But whatever theoretical approach you decide to use, the basic point is to recognize two things as the basis for organizing: first, the existence of, and therefore the ability to point to, a common enemy and second, the possibility of diverse autonomous projects being complementary in their struggles against that common enemy at the same time that they construct the future along diverse paths. In earlier times, the commonality of the enemy was not so apparent, given the diversity of its means and methods. Today the unique, neoliberal face of capitalism is recognizable to more and more people. Political organizing must, of course, continue to sketch its features so that it will, eventually, be recognizable to all. But, thanks to capital itself, and the vivid prose of the Zapatistas, that's the easy part.


The Sixth, the Other Campaign and the Search for a New Politics


The hard part remains: imagining and constructing ways to achieve complementarity among diverse autonomous struggles, i.e., the politics of our own movement of movements. Our struggles for autonomous forms of life are always elaborated in particular places, among particular sets of relationships and at particular points in the international hierarchy of income and power that capital has imposed on our world. Our struggles are not automatically complementary, indeed they are often contradictory, or indifferent, and therefore isolated from one another.


One very partial solution has been joint action against the common enemy by representatives of many, many different struggles. This has the approach of international mobilizations that have brought tens of thousands of protestors into the streets against the WTO, the IMF and World Bank and the G8. Representatives of diverse struggles have stood shoulder to shoulder, quite literally, against these institutions of neoliberal capitalism. Success in such endeavors has been found partly in whatever degree of disruption has been achieved and partly in the inevitable, informal networking that has taken place prior to and during such protests. These gatherings have overcome isolation, at least momentarily, and not only given participants an acute sense of connectedness with others in struggle but laid the groundwork, through networking, for future common actions. For these reasons alone, such mobilizations have been fruitful.


On the other hand, participation in such mobilizations is both irregular and expensive (in both monetary and human terms) and despite communication ahead of time for organizing, and discussion afterwards for evaluation, actual gains in terms of disrupting capitalist planning or thwarting neoliberal strategies have been minimal. At the moment, such forms of joint struggle seem to have peaked in the summer of 2001 in Genoa, Italy when over 300,000 people protested the G8 and their neoliberal policies. Despite widespread continued resistance, and multiplying autonomous initiatives, there have been no such massive gatherings in the last five years.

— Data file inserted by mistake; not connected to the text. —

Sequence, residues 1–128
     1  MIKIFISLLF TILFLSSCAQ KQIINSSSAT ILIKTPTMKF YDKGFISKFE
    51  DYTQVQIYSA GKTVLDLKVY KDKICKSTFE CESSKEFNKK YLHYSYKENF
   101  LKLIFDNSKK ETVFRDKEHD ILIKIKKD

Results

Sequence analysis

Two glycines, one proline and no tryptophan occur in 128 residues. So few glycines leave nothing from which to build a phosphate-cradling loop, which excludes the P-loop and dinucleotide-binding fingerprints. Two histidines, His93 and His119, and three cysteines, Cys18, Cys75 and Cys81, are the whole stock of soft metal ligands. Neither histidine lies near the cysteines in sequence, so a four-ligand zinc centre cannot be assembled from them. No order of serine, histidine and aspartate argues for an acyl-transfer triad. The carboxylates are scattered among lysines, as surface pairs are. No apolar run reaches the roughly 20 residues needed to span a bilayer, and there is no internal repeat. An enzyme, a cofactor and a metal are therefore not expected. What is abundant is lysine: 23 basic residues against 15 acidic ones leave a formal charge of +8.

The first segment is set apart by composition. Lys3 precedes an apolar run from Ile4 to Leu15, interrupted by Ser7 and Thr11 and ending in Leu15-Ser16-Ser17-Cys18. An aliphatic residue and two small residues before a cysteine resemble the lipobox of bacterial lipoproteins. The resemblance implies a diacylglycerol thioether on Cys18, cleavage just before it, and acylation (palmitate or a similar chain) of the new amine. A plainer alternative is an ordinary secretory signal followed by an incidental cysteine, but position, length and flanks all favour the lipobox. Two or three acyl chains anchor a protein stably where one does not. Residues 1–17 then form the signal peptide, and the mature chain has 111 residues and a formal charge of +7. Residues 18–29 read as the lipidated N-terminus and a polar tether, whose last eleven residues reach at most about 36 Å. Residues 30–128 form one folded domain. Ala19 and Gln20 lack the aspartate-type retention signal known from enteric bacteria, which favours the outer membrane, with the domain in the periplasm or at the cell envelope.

We have been going through a very necessary period of reassessment and exploration of alternative ways to proceed. Now what? Or in Chernechevsky and Lenin's classic formulation "What is to be Done?" next. This is the question that was posed by the Zapatistas' Sixth Declaration of the Lacandona in the summer of 2005 and this is the question to which we must all seek answers. As is typical of their ways, "asking as they walk", the Zapatistas did not offer a final answer to this question, only a proposal for one step in searching for an answer (or for a collection of complementary answers). They proposed changing the terrain of discussion (away from the formal electoral spectacle) and then set about organizing that change, first through a series of meetings with diverse people in struggle in Mexico and then through their "Other Campaign".


The Other Campaign, as it wound its way through Mexico from Chiapas to the northern border where it met with those from "the other side", effectively created, as it went, new terrains of discussion, of listening and of speaking, of the exchange of experience and of reflection on the past, present and possible futures. As has been typical of Zapatista encounters, no unified program was proposed by the organizers or adopted by the many, many discussants in those dozens and dozens of meetings. But the whole process constituted a dramatic political act, far more dramatic although less spectacular than the formal presidential elections with all their fraud and ex-post contestation by AMLO and the PRD. Not only do I know of no other example of such a nation-wide campaign of grassroots discussion and sharing of experience and ideas, but I do not know, unfortunately, any other group besides the Zapatistas with both the power of convocation to carry out such a campaign and the interest in doing so.


The Other Campaign's criticism of and refusal to be drawn into the electoral arena, either in supporting the PRD before the elections, or in protesting against PANista-PRIista fraud afterwards, was highly controversial and infuriated a great many who have dedicated themselves to struggle on that terrain. Yet, as events have unfolded since the elections, from the vicious state violence in Atenco, through the popular uprising in Oaxaca, to repression in that state, the bankruptcy of the professional political parties, including the PRD, continues to be demonstrated as they either lag far behind, or participate in the repression of those in struggle at the grassroots.